Supporting women and children fleeing domestic and family violence requires more housing, not less super

Homelessness Australia Chair Jenny Smith. PHOTO: Council to Homeless Persons

Women and children can’t successfully flee domestic and family violence without access to housing they can afford, according to Homelessness Australia.

Last year more 53,922 women and girls experiencing family violence came to homelessness services needing accommodation and support to access housing. Of those, only 1 in 7 were able to be placed in medium or long-term accommodation; half received short-term accommodation; and over a third were unable to be provided with accommodation.

Homelessness Australia Chair, Jenny Smith, says that Prime Minister Scott Morrison and the Federal Government must give top priority to safe and affordable housing when they are considering how best to support those fleeing violence.

‘Many women and children who miss out on accommodation or who receive only short-term accommodation, subsequently return to violent homes, rather than ending up on the street,’ Smith says.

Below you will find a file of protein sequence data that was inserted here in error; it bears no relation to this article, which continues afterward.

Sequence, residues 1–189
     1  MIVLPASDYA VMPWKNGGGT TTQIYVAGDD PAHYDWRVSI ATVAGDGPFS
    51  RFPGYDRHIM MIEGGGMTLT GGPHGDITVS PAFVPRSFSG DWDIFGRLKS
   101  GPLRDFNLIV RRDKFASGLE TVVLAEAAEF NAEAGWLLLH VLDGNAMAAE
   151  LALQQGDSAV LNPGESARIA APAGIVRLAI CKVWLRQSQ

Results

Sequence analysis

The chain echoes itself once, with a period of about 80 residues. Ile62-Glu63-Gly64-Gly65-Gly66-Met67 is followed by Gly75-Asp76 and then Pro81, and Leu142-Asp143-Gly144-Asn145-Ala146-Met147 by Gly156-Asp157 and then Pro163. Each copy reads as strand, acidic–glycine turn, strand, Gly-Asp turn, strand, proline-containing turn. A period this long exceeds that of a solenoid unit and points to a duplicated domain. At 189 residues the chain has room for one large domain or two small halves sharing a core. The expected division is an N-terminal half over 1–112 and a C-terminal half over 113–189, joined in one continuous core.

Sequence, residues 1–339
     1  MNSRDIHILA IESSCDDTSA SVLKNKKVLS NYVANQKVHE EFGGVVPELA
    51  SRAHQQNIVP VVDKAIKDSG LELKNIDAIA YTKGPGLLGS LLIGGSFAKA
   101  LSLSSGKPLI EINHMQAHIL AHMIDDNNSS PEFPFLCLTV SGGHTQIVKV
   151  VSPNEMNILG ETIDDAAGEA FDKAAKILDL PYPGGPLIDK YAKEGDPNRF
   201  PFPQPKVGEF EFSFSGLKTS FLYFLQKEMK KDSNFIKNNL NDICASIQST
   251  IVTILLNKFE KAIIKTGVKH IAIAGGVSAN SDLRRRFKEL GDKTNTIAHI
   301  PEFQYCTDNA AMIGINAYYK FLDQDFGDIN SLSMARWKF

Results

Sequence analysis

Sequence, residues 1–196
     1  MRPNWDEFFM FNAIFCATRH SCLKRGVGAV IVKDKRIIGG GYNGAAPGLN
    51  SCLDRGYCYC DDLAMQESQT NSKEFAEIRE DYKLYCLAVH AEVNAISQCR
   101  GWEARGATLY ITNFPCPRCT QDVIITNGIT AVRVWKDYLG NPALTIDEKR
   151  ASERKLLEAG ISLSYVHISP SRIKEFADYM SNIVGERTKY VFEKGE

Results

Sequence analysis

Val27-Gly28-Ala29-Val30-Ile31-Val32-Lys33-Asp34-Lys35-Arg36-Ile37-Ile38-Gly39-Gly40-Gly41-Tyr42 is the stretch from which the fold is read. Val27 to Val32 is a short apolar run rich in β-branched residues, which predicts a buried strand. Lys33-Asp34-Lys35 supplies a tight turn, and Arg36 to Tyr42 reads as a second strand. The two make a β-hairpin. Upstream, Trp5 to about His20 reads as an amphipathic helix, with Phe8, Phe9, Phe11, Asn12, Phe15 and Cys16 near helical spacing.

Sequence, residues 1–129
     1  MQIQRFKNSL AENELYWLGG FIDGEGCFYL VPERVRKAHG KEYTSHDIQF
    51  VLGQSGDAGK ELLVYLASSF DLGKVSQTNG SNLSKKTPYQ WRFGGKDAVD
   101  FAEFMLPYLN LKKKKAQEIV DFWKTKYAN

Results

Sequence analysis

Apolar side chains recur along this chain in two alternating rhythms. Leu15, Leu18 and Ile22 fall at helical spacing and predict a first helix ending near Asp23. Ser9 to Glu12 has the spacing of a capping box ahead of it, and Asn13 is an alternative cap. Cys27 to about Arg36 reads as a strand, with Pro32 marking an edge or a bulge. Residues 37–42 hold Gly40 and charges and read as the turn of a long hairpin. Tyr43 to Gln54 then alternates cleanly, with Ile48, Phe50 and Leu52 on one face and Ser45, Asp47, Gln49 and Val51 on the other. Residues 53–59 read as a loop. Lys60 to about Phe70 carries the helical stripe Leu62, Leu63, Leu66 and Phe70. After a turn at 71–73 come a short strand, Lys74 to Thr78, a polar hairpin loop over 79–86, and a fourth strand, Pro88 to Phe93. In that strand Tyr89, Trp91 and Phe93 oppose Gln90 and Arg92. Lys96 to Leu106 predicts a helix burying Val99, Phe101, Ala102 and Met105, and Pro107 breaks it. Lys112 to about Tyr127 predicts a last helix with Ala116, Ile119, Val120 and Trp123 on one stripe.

‘Asking women escaping domestic violence to raid their superannuation, and in doing so putting them at greater risk of homelessness later in life, is not the answer. Rather, the Federal Government should be investing in social housing so women can rebuild their lives.

‘Right now women’s refuges are full and the long-term housing options women can afford are just not there. This creates a massive bottleneck in crisis accommodation, which means many women needing accommodation miss out.

‘The Federal Government has a great opportunity to step up right now and grow the amount of housing that is affordable to women fleeing violence.

‘What we are seeing instead is the Federal Government cutting income support payments making it harder for women fleeing violence to afford rent, as well as slashing $56 million from homelessness services so there will be less support for women when they escape violent homes.’

Key stats on women experiencing, or at risk of, homelessness.

  • 53,922 women and girls came to homelessness services needing accommodation while experiencing family violence.
  • 4,487 women and girls experiencing family violence received short-term accommodation.
  • 6,962 women and girls experiencing family violence received medium-term accommodation.
  • Just 911 women experiencing family violence received long-term accommodation.
  • 18,655 were unable to be provided with accommodation

Story source: Council to Homeless Persons

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